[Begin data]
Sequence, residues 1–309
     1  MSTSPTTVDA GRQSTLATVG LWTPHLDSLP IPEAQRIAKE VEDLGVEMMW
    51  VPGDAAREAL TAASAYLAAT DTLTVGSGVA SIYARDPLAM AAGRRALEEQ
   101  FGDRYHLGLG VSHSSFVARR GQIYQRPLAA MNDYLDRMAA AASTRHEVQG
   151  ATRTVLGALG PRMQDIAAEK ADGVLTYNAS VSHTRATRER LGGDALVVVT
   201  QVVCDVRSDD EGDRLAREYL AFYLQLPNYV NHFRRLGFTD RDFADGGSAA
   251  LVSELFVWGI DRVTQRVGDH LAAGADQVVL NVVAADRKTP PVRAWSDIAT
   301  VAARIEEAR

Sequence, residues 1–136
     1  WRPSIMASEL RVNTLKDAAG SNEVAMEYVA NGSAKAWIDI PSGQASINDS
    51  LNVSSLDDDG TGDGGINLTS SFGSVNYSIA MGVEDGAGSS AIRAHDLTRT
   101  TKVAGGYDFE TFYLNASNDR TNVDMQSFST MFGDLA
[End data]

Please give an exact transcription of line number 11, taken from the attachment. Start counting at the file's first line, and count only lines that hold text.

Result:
    51  LNVSSLDDDG TGDGGINLTS SFGSVNYSIA MGVEDGAGSS AIRAHDLTRT